The first thing to be clear is how much you’re going to sell your book for, mine is £11.99. This can easily be worked out by looking at similar books and how much they cost. Then you’ll need to think about whether you’re going to sell in stores and through third party sellers as they’re likely to want to buy stock at 40% discount on the retail price.
Once you’re clear on how much you’ve got to spend per book on printing – this will very much depend on if you’re looking to make a good profit or if it’s a passion project like mine – you can look at printing companies.
I worked with the amazing folks at Team Impression and went for a high quality finish using recycled uncoated stock for the inners and a textured GF Smith stock to make the cover extra tactile and lovely. When I was selling to shops and retailers, I was coming in just under my print cost per book but I had a good return when selling straight to customers, and my priority was to make Len Legsworth look and feel beautiful as I’d put so much work into the process.
There are also really great tools that are more flexible on quanitites and offer much more support and guidance in laying out your book and how to sell it or gain funding. Blurb has a dedicated tool for children’s books and you can take a look at lots of case studies on their site for inspiration. They can also help you design your book and get the layout spot on.
4. Marketing doesn’t have to be scary
Once you’ve worked out the design and printing side of things and you’re getting ready to share your creation with the world, it’s a good idea to start thinking about marketing and getting your book in front of the right people. This bit can seem scarier than anything else – I felt like I was going to throw up when I went around shops trying to get my book on some shelves – but it was also so much fun and I got to meet amazing families and kids!
Here are just a few ideas to get you started – this could have its own post as there are so many ideas but here’s what worked for me:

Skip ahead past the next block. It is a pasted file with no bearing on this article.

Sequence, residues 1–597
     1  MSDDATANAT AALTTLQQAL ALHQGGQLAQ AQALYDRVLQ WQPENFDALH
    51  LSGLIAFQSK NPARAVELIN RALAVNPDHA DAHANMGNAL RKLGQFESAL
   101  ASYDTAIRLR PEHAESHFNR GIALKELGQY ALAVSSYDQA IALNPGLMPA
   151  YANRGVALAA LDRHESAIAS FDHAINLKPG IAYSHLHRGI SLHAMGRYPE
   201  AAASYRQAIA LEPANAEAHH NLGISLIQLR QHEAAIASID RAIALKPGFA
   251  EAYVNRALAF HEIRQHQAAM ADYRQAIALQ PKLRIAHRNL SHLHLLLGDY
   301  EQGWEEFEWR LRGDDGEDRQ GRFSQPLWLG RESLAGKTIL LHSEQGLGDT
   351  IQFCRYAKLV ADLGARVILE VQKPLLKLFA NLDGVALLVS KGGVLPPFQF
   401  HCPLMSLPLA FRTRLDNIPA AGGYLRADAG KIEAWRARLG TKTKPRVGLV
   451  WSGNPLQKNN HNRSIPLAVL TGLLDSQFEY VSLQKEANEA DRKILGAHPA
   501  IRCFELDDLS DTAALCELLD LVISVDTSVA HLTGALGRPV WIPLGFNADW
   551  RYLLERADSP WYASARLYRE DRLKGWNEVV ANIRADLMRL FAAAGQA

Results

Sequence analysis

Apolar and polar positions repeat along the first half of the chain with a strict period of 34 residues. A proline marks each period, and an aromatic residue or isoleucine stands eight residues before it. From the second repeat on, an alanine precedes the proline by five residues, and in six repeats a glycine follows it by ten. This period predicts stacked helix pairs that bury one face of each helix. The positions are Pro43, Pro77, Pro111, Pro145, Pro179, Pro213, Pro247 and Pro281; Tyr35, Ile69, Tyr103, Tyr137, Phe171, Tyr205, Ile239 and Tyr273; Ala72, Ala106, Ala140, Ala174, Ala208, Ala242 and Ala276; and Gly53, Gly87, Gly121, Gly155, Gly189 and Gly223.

Do readings at your local schools – the teachers will love it as it’s fresh and exciting, plus they get a rest. Add on crafts and complementary activities to seal the deal.
Visit all of your independent bookstores and see if they’d like to sell your book or hold a reading. I did a story time and signing at a children’s bookshop and it was a highlight for me and led to lots of sales.
Walk the fine line between modesty and boasting and share your creation with everyone you know and celebrate your launch. But don’t do 20 posts a day or you’ll risk p**sing everyone off and then they’ll go out of their way not to buy a copy.
Use your personal social media accounts (Facebook, Instagram, Twitter) or if you think it will work set up dedicated accounts for your project if you want to look more professional and keep separate from all your crazy cat posts.
Set up a website – I used Big Cartel for free – to sell your book and decide if you want to go down the Amazon route. I didn’t but may do it in the run up to Christmas to sell my last copies, but remember they’ll take a nice chunk of your money.
Engage with blogs and social accounts and ask them if they want to review your book. I got some great exposure from Mums on Instagram who share their kid’s favourite reads and people really respect their opinion.
5. Remember the priceless prizes
This is so important and I found all the fear of putting my book out there pushed the joy and satisfaction factor to the bottom of the pile for a while. It’s likely you’ve invested so much time, effort and love into getting to the point of selling your book so whatever happens don’t forget to give yourself a big pat on the back for making your idea happen! My mantra all the way through the process was if one person bought the book that I didn’t know I would have done something good and I’d be content. I ended up sending books to New York, Poland and New Zealand which was the best trip to the post office ever!